72 Fla. L. Rev. F. 171 (2023)
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Abstract

Response to John Infranca’s, Differentiating Exclusionary Tendencies

Incumbent residents routinely oppose residential development. Interestingly, this is true of both homeowners and renters, if for opposite reasons. Homeowners typically worry that new housing will cause the market value of their own homes to fall, resulting in a hit to what is usually a house-heavy personal wealth portfolio. Tenants typically worry that new housing will cause the market value of their own homes to rise, generating pressure toward higher rents and displacement. Both homeowners and tenants also express concern that new housing development will change the character of their neighborhoods in unwanted ways.

Resident opposition to housing plays out in community after community across the country, with pernicious effects on productivity and equity. These efforts choke off the supply of homes—essential ingredients in every human being’s life plan—in the very places where people most wish to live. The consensus view among housing scholars is that all of this opposition to residential development is wrongheaded. While homeowner opposition is often cast as normatively illegitimate NIMBYism, tenant opposition is criticized for just plain getting the facts wrong. Citing the law of supply and demand, academics point out that adding more housing will tend to decrease, not increase, the price of housing, which should help rather than harm the pocketbooks of tenants.

Professor John Infranca’s thoughtful and well-reasoned piece accepts this premise, but asks whether we should nonetheless view anti-development opposition by incumbent residents of some communities differently, not just as a matter of political expediency, but as a normative matter. Infranca’s “modest case for distinct treatment” rests on two hard-to-dispute claims: (1) that housing supply is the solution to, and not the cause of, housing unaffordability; and (2) that people living in lower-income communities long ravaged by racism and economic exclusion have a stronger normative basis for resisting neighborhood change than do affluent NIMBYs. Yet taking the first proposition seriously means that the people who are in the strongest normative position in opposing housing also tend to be on the shakiest ground empirically. Infranca addresses this tension by shifting attention away from incumbents’ arguments about rent levels and displacement risks—the subjects of quantitative empirical work—and toward incumbents’ efforts to protect interests like community character. This move cannot fully escape the empirical shakiness at the heart of opposition in lower-income communities, however, as many of the qualitative changes that incumbents oppose may not be substantially caused by (and indeed, should be mitigated by) the addition of new housing.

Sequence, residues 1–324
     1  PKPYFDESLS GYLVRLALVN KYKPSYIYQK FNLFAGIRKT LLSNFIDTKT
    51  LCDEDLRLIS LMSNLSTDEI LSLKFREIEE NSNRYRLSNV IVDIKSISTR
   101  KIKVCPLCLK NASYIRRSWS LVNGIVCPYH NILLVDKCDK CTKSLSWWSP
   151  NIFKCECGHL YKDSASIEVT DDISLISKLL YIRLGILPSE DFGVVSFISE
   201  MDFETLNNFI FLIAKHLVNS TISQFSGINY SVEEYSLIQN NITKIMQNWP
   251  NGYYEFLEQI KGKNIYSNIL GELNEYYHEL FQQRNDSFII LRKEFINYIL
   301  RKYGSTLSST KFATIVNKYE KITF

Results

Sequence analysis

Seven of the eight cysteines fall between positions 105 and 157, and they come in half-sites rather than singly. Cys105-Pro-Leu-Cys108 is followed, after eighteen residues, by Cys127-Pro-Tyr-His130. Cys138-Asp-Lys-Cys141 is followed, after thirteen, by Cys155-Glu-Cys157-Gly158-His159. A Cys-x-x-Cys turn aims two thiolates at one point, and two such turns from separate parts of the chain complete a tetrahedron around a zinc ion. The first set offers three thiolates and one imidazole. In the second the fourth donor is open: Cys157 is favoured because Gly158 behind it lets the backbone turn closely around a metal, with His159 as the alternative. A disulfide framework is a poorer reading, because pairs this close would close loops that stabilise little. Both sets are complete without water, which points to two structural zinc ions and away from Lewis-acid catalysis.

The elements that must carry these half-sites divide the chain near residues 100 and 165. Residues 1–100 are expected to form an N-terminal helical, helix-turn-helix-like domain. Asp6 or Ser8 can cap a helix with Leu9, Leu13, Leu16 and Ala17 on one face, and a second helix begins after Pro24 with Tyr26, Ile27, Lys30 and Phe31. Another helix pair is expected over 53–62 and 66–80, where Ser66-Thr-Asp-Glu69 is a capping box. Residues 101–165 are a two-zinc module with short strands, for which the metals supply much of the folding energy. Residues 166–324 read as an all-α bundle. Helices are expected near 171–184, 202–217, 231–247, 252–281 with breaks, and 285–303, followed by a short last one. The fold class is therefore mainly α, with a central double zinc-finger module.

In this response, I suggest repurposing this causal weakness in the case against housing into a fulcrum for policy. The fact that adding housing supply reduces rather than increases home prices makes it workable—and incentive-compatible—to pair new housing development with protection against rising local housing costs. Notably, this approach distinguishes between two sets of fears voiced by housing opponents: those that relate to increasing home values (more commonly expressed in prototypical gentrification scenarios) and those that relate to decreasing home values (more commonly raised in traditional exclusionary zoning scenarios). Concerns about housing price increases stand on different empirical and normative footing than those relating to home value declines, which makes them both especially important and unusually feasible to address. Protecting incumbents against rising housing costs in neighborhoods experiencing growth in housing supply aligns both with current empirical understandings and with the normative distinctions that Infranca draws.
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